9. R. Edwards – My Career At Home
Solo project for Rupert Edwards of Dick Diver
“All I remember about making My Career At Home is that it was recorded in the depths of the Swedish winter of 2017 (hell), and that I heard it – pretty much fully formed – in my head beforehand. Weird!” – Rupert Edwards
10. The Green Child – Rats On the Roof
The Green Child is Raven Mahon and Mikey Young, who live in Rye, Victoria. They released a record on Upset The Rhythm in 2018 of songs written remotely when Raven lived in San Francisco. The songs were built from bits and pieces of Mikey’s unfinished songs and Raven’s experiments singing solo after previous projects singing with others. They now live in the same place and continue to make music together and have collected another album’s worth of tunes they hope to release in the near future.
“The instrumentation for this song was concocted by Mikey a while ago and underwent 16 different versions of vocal melodies and lyrics. Over the course of a year or so we churned it around in the house, reworking and rerecording it and having some friends come over and add their two cents. In the end, the theme remained loosely about conflict; inner, outer and in the domain of pro-wrestling and rat scuffles.” – Mikey Young
Written and recorded by Mikey Young and Raven Mahon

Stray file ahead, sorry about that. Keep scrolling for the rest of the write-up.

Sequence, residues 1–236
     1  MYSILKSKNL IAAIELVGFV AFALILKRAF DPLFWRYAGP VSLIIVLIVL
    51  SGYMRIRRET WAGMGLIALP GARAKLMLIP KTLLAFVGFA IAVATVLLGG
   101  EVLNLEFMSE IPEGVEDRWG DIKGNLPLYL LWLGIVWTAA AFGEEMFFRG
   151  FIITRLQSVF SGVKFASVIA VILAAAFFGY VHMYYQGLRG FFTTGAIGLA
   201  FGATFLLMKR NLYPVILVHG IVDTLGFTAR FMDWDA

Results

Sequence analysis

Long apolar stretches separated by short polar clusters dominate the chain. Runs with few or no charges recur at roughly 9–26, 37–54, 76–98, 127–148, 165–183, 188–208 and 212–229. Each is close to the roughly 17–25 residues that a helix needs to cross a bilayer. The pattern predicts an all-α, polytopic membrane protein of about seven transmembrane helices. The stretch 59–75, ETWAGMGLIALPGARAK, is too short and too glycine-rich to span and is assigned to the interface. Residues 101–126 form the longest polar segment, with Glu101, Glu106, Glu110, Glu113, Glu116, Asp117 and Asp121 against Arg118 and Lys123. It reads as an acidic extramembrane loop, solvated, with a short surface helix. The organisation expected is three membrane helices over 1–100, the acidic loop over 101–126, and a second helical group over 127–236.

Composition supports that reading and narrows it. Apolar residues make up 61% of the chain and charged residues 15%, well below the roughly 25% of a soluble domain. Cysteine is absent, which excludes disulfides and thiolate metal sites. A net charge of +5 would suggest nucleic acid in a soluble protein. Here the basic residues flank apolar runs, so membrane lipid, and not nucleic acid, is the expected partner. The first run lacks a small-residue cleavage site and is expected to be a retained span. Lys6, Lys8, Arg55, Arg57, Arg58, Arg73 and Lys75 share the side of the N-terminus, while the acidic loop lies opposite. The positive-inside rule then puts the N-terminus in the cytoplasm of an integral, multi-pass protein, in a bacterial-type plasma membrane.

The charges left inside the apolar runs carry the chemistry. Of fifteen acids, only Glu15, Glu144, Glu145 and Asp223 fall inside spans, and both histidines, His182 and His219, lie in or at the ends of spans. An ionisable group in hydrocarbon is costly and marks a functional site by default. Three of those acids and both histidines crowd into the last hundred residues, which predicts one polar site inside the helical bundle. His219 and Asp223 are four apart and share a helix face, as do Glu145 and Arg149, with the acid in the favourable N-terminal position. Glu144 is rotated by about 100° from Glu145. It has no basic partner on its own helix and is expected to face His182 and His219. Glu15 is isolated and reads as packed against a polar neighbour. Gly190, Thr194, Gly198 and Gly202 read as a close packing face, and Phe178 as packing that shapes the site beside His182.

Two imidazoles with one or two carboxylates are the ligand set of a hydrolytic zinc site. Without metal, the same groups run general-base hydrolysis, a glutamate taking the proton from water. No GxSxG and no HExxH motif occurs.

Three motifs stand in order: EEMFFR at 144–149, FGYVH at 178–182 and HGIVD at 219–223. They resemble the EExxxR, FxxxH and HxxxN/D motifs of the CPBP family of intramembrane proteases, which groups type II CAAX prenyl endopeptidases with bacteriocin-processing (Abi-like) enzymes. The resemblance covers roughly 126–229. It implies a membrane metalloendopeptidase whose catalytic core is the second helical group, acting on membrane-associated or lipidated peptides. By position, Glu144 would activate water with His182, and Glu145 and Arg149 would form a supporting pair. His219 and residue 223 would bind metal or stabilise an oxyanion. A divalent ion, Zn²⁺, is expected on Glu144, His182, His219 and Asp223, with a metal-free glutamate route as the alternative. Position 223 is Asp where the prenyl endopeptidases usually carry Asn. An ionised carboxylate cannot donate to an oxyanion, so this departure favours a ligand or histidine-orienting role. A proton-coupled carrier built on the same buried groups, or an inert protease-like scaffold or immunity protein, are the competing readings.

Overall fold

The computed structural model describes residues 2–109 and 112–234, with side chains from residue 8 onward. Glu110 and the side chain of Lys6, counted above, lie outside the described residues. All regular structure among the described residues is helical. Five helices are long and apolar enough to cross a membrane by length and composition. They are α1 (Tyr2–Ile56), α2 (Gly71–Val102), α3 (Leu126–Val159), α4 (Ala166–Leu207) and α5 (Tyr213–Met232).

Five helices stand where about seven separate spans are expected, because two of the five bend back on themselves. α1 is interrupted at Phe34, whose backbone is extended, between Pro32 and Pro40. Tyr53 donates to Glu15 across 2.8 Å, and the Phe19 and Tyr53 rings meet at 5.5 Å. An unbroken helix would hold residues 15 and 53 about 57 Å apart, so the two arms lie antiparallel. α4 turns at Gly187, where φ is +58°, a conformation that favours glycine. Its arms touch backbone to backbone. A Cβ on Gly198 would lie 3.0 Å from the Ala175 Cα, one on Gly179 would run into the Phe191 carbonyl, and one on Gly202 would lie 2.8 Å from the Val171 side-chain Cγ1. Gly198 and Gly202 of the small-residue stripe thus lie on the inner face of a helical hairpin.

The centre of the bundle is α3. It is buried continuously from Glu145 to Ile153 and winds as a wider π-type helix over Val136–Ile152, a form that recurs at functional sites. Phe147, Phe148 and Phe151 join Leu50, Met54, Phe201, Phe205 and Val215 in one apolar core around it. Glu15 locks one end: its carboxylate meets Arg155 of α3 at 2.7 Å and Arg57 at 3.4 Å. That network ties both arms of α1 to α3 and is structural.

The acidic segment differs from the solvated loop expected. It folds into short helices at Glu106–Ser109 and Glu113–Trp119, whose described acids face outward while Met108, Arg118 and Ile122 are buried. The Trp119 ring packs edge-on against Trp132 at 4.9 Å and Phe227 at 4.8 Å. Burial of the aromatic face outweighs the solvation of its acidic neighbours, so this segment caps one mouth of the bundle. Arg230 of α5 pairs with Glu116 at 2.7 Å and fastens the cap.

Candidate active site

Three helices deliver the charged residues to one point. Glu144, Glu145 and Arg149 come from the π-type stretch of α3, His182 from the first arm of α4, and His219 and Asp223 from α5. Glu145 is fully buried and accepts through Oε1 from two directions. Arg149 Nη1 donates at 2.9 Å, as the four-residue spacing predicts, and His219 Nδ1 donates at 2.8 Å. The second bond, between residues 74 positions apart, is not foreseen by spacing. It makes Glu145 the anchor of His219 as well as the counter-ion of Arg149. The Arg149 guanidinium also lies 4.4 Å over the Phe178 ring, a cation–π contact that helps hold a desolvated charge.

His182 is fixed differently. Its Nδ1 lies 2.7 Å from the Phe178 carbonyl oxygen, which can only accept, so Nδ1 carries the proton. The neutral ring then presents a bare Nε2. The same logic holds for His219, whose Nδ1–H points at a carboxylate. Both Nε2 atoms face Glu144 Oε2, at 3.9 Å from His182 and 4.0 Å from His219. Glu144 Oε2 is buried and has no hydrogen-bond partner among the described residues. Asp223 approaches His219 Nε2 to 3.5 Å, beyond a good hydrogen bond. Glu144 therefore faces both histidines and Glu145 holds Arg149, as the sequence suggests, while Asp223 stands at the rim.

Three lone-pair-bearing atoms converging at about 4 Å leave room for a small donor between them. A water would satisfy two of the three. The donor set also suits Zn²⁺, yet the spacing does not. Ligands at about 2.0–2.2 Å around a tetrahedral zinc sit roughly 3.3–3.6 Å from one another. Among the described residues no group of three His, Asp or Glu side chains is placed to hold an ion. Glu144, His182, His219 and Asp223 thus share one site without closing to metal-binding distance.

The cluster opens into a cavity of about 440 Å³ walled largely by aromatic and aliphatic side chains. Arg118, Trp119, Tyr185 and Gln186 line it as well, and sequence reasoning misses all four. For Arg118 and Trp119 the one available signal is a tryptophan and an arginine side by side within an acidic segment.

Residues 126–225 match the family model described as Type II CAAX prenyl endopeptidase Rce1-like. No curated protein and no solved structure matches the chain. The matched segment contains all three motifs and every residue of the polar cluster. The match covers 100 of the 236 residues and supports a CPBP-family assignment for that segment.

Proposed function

Bass Guitar: Arron Mawson
Drums: Shaun Gionis
11. Guy Blackman – Missy
Chapter Music founder and occasional solo artist.
“A demo of a song from a new solo album that will one day emerge from the mists like a magical ship from the future and the past all at once. The song is directed to well known pop star Missy Higgins, but I’m not exactly sure why and I apologise to her for any distress caused. Nicole from Thibault/Minimum Chips plays the long trombone notes, she said she didn’t think they fit the song very well but I insisted that they do.” – Guy Blackman
12. Gallery B – Nano Bookar
Gallery B is the contemporary electronic project of Emma Stevenson. The Melbourne-via-Brisbane artist presents a remarkable take of contemplation, zone-out and deep thought music.
“My track Nano Bookar comes from my unpacking of a live set that didn’t take place due to COVID impact.” – Emma Stevenson
13. Thomas Hardisty – Calm Night On Larne